A higher level of celebrationMount Rainier National Park...


July 18, 1999|By Randi Kest

A higher level of celebration

Mount Rainier National Park in Washington state turned 100 this year and is celebrating with a slew of events in and around the park. Established March 2, 1899, Mount Rainier became the fifth national park right behind Yellowstone, Yosemite, Sequoia and Kings Canyon. The mountain is a dormant volcano whose summit -- at 14,410 feet -- can be seen from 100 miles away.

The park's expansive variety of flora and fauna, forests, glaciers and meadows attract close to 2 million people annually. It is crisscrossed by 147 miles of roads and 240 miles of maintained trails.

Festivities include interpretive programs, exhibits, bike rides around the mountain and festivals. A 60-mile Summit-to-Sound Relay from the top of the mountain to Puget Sound by foot, bicycle, in-line skate, horseback and kayak is also part of the fun.

Outside the park, an exhibit at the Washington State History Museum in Tacoma, "Sunrise to Paradise: The Story of Mount Rainier National Park," explores cultural and historic aspects of the park. It continues through Jan. 9, 2000. Located at 1911 Pacific Ave., the museum is open daily. Admission: $7; free Thursday evenings. Call 888-238-4373.

For a calendar of events, call the park at 360-569-2211 or visit www. mtrainier100.com.


The Museum of Automobile History in downtown Syracuse, N.Y., displays the largest collection of automobile memorabilia around the globe. But not a single car.

Instead, it's filled with 10,000 auto-related artifacts such as a set of Burma-Shave roadside rhyming signs, Hollywood movie posters, presidential license plates and a copy of the speeding ticket issued to James Dean hours before he died.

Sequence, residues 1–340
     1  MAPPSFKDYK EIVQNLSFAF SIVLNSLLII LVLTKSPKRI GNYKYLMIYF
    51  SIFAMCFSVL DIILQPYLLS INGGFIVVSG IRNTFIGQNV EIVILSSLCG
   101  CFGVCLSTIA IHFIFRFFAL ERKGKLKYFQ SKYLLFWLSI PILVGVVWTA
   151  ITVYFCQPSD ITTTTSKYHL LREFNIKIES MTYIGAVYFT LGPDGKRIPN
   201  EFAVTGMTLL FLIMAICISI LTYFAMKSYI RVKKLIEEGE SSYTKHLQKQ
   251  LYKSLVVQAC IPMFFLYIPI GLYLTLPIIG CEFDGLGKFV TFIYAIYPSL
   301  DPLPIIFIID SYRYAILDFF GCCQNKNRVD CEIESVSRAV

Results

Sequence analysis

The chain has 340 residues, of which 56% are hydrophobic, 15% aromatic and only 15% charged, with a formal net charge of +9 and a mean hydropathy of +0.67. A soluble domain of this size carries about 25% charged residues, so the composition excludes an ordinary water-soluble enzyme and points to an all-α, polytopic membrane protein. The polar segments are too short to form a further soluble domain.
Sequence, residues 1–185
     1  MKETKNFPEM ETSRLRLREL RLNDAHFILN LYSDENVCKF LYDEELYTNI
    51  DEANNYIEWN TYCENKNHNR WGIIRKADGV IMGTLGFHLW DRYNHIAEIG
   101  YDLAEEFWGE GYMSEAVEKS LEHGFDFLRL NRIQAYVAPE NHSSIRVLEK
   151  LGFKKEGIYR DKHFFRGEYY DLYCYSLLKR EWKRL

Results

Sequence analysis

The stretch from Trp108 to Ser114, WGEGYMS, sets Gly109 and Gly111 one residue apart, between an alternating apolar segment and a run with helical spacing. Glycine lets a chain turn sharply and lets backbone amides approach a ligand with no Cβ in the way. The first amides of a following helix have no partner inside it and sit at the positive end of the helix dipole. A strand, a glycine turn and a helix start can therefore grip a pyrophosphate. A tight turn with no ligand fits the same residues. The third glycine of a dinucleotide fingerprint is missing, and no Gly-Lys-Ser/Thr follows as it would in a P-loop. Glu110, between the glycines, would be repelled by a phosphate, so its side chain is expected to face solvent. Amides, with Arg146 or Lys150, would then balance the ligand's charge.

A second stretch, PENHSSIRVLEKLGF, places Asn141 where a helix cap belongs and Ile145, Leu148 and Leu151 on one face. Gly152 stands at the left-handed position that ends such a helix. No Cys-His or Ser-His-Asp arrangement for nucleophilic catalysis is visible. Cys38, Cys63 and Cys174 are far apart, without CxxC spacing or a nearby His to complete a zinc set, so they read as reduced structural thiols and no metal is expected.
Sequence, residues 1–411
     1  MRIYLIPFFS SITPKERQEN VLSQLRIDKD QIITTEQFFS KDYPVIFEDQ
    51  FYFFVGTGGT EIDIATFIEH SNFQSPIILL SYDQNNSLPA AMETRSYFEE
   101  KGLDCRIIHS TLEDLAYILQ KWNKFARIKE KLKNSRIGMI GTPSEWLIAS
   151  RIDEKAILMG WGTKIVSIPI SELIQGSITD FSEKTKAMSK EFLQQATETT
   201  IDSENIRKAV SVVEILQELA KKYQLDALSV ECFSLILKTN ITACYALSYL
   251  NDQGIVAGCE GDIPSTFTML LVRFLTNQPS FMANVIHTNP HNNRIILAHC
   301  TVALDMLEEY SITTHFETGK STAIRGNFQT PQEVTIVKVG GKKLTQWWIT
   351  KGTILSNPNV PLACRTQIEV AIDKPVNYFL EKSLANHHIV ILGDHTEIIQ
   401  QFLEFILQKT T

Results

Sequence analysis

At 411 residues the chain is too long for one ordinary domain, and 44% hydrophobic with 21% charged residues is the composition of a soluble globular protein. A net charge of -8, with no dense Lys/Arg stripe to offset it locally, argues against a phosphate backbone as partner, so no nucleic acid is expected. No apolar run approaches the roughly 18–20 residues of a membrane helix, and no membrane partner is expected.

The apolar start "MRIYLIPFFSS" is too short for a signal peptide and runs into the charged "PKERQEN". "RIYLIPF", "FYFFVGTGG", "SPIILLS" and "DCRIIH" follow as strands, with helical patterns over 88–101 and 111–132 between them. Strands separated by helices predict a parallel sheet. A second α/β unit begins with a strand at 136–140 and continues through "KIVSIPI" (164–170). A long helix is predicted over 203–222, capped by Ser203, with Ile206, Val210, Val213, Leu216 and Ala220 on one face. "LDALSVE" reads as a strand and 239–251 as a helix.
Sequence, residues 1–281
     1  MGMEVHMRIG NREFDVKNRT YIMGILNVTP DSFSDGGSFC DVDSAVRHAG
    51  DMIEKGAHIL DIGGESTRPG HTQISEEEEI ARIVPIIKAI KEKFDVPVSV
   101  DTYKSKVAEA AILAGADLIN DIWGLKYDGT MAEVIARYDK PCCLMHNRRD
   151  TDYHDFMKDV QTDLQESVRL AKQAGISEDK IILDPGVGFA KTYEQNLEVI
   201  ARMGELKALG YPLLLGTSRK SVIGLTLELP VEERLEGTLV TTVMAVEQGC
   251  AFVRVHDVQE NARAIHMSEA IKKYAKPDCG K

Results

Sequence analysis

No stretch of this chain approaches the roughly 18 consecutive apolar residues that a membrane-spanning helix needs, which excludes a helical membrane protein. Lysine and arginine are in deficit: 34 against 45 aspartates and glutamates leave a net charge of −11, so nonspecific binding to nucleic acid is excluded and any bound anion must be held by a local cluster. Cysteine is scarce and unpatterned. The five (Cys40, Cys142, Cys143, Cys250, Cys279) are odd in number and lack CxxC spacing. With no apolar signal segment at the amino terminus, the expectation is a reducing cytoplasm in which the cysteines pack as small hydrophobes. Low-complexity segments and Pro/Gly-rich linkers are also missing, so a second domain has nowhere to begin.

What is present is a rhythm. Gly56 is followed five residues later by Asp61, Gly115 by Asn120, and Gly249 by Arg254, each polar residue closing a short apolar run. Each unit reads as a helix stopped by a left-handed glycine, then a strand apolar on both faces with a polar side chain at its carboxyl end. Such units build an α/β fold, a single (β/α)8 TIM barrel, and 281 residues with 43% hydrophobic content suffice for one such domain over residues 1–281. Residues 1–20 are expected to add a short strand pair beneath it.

The museum covers 200 years of car history within its 12,000 square feet and is the result of Walter Miller's 30-year search for anything automotive.

The Museum of Automobile History is at 321 N. Clinton St. Hours: 10 a.m. to 5 p.m. Wednesday through Sunday. Admission: $4.75 adults, $3.75 seniors and $2.75 children under 16. Call 315-478-CARS.

An easier way to lug around your luggage

For those who like versatility with their luggage, consider the Wheeled Daypack from Travelon. It's both a backpack and a wheeled carry-on, switching from one guise to the other with minimal effort. To use it as a suitcase, lift the handle, tuck the backpack straps out of the way and remove the back pad to reveal its wheels. For the backpack option, close the handle, pull out the straps and replace the back pad to cover the wheels. It measures 14 by 21 by 8 inches and costs about $175. Call 800-537-5544.

In the footsteps of William Paca

Visitors to Annapolis can tour the historic area by way of "Revolutionary Annapolis" -- a new tour winding along William Paca's Revolutionary Road. A signer of the Declaration of Independence, Paca was a patriot leader who lived in Annapolis during the American Revolution. The tour stops at 19 Paca-significant sites such as the William Paca House and Garden, museums, state buildings, waterfront taverns and warehouses.

Tour books are available for $4.50 at Historic Annapolis Foundation's Museum Store (77 Main St.), the William Paca House (186 Prince George St.) and Barnes & Noble at Annapolis Harbour Center. Call 410-267-7619.

Kids get the grown-up treatment

Lots of kids want to be treated like adults. And now, those from age 3 to 15 will get just that at eight hotels in Norway. At these "Children's Hotels," little ones can check in and enjoy their own menu, movie theater and pool. This offer is valid through Aug. 15 at the Clarion in Gardermoen and Quality Hotels in Oyer, Hovden, Kristiansand, Bo I Telemark, Geilo, Roros, Langesund and Vradal. Call 800-228-5151 or 800-252-7466.

Pub Date: 07/18/99

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